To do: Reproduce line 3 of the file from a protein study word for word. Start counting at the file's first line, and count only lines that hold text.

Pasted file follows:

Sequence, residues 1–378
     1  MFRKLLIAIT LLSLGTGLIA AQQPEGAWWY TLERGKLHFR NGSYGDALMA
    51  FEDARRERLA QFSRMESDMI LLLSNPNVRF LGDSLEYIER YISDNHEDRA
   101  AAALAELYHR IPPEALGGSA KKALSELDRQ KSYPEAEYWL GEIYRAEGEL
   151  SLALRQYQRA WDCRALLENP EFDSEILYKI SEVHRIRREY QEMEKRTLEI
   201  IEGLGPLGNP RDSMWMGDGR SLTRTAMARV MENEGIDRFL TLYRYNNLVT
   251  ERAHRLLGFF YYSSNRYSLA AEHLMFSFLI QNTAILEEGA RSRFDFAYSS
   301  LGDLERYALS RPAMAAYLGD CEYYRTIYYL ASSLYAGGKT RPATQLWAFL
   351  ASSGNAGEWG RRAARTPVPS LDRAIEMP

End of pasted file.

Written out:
    51  FEDARRERLA QFSRMESDMI LLLSNPNVRF LGDSLEYIER YISDNHEDRA